This Frequently Asked Questions (FAQ) is intended to provide general information only and highlight important issues.  It is not intended as a complete and exhaustive guide to GHS implementation in Australia.  While every effort has been made by the author to make the information in this FAQ as accurate as possible, it may contain errors, omissions or information that was accurate at the time of publication but which has subsequently become outdated (by market place or industry changes or conditions, new laws or regulations, or other circumstances.)  Accord does not accept any liability or responsibility for any loss, injury or damage to persons or property which may arise as a result of the use of this FAQ or reliance of the information contained in this Guide.  If you do not agree with these terms, you should not use this FAQ.

These questions been compiled over time, from questions raised with the industry and by industry since the start of GHS implementation in Australia (since 2012).  The answers have been compiled with input from relevant stakeholders and experts in the area, and refer to the relevant regulation in the Model Work Health and Safety Regulations where possible. 


Regulation 328 sets out the scope of application of GHS and details exemptions.  There are no exemptions dependent on pack size.  The exemptions relate to product types.
Cosmetics and toiletries are exempt from GHS labels in sub-regulation 335(6).  This exemption is not dependent on pack size.

However, if a cosmetic formulation is NOT in its final supply container e.g. cosmetic formulation in a bulk container waiting for packaging into smaller containers for distribution, it is still considered to be in its manufacturing stage.  The bulk container in the example requires a GHS label.


There is a plan to adopt the 6th edition of GHS after the full implementation of the 3rd edition of GHS i.e. after 1 January 2017.  There will be regulatory impact assessment and consultation prior to the introduction of the 6th edition of GHS.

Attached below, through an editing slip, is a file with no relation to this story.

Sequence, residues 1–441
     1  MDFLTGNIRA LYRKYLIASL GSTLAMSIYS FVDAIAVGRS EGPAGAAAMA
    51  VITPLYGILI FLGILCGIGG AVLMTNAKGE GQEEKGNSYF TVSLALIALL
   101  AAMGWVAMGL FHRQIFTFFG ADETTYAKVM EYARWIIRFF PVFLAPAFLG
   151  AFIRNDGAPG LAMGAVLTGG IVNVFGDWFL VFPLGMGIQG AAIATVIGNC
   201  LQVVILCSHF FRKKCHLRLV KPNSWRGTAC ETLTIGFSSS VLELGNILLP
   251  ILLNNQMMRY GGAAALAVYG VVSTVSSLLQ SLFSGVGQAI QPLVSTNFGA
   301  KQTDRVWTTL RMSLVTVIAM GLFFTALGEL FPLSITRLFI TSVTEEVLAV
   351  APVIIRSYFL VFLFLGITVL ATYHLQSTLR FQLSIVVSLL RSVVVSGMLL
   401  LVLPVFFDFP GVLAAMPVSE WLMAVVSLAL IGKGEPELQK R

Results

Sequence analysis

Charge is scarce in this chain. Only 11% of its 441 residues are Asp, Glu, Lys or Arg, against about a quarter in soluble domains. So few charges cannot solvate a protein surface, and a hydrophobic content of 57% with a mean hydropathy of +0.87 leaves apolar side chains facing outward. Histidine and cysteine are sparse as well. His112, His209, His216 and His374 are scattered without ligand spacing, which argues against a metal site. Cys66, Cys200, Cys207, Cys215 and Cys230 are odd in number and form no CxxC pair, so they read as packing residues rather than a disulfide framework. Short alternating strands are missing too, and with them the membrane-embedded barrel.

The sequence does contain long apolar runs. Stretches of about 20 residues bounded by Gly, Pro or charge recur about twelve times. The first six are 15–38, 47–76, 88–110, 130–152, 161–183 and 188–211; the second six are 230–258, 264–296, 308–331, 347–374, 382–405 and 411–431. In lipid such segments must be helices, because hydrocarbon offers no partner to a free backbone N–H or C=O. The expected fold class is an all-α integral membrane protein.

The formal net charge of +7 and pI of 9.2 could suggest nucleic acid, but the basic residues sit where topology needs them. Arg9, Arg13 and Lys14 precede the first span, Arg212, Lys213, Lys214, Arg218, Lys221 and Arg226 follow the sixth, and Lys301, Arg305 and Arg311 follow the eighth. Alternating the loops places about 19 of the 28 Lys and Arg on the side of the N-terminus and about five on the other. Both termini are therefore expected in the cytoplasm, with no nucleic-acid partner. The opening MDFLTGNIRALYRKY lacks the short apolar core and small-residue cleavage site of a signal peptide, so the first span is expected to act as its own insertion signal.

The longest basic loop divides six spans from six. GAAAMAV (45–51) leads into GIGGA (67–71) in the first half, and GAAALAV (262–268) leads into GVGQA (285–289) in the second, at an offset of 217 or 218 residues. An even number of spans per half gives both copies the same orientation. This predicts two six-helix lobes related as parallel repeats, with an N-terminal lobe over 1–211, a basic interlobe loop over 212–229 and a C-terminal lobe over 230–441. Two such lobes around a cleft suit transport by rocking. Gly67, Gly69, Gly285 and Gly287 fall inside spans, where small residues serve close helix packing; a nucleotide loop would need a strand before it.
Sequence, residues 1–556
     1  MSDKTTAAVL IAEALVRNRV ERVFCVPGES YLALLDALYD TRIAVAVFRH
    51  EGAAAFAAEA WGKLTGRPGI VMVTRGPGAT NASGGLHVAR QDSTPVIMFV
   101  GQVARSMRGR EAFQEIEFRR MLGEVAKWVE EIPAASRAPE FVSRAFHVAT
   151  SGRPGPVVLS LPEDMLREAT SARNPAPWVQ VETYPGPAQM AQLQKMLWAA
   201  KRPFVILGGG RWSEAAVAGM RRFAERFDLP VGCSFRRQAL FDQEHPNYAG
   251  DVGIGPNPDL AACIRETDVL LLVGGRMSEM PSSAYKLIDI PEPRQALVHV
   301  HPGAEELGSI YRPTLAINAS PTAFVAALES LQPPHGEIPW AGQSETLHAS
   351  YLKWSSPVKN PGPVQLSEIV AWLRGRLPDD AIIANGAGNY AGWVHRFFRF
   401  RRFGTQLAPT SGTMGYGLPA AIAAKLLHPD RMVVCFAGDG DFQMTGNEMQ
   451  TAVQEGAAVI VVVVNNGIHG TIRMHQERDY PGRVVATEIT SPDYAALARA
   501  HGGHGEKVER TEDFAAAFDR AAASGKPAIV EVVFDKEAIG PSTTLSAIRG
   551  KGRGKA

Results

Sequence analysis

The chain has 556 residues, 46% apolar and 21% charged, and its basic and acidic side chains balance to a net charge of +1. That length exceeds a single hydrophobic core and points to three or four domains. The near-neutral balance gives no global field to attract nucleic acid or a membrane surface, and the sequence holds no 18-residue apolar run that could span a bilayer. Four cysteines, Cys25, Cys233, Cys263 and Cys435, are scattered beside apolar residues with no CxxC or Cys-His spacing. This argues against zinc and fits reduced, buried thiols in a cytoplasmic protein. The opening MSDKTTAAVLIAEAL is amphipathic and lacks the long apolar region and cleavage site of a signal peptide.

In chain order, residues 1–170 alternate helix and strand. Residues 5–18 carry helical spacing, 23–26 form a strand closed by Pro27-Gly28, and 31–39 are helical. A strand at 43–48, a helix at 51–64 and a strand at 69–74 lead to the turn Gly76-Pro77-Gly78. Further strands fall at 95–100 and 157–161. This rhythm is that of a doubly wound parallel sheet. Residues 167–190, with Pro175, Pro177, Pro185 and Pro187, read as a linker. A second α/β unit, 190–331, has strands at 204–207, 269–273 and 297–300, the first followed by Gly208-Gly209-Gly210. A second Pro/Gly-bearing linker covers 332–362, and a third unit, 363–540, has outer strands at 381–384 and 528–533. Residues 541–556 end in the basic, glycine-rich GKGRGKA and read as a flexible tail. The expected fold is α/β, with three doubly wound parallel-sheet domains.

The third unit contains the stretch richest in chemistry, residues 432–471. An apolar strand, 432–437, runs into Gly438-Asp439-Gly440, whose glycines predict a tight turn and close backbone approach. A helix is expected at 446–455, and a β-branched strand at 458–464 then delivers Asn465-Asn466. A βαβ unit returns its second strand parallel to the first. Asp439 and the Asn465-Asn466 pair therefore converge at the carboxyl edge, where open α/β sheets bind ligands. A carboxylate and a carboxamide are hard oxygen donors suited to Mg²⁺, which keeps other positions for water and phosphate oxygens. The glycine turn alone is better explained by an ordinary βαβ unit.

If the evidence to support the product DG classification was based on previous system of hazardous substances classification, then this needs to be updated to reflect the new GHS classification.

There are multiple methods for GHS classification.  Animal tests/animal test alternatives for the product and mixture calculations are just two of the options available.  Other options include:

  • read across from similar products e.g. if a product containing 20% of a corrosive substance x is not corrosive based on animal test/animal test alternative, then other products containing substance x at or below 20% are also not classified as corrosive, provided that there are no other substances in the product that may contribute to the corrosion hazard, and
  • expert judgement based on similarity to other substances, formulation, mixture e.g. if a sodium salt of a surfactant is classified as not irritating at concentrations below 20% in a reputable classification database (e.g. HCIS) then a decision may be made that the potassium salt of the same surfactant is also not irritating at concentrations below 20%.


Lithium ion batteries are not hazardous chemicals and SDS are not required in those jurisdictions where the Model Work Health and Safety (WHS) Regulations have been implemented (including the section on hazardous chemicals).

In the jurisdictions where the old system of hazardous substances and dangerous goods have been maintained i.e. Victoria, Western Australia and the Australian Capital Territory, SDS may be required for both dangerous goods and hazardous substances.

While the Victorian regulations allow the acceptance of the 3rd or 4th edition of GHS, Victoria has stated that an SDS will be required for storage and handling of substances that are dangerous goods but are not classified as hazardous chemicals (see sub-regulation 20(1)(b), Dangerous Goods (Storage and Handling) Regulations 2012 (Vic))

Sub-regulation 330(4) states that the manufacturer or the importer (not the retailer) must provide the current SDS to anyone that is likely to be affected by the hazardous chemical and asks for the SDS.  This includes consumers.

SDS do not have to be provided to 3rd party SDS writers that have not been engaged to write the SDS by the manufacturer, importer or the customer, as they are not likely to be affected by the hazardous chemical.

Where an SDS is available on a website, this is considered sufficient, unless the customer specifically requests a hard copy.


For corrosives, severe eye irritants and flammable liquids, there are significant concerns that the end user with only basic training, and relying heavily on pictograms, may not be able to distinguish the difference between products that are: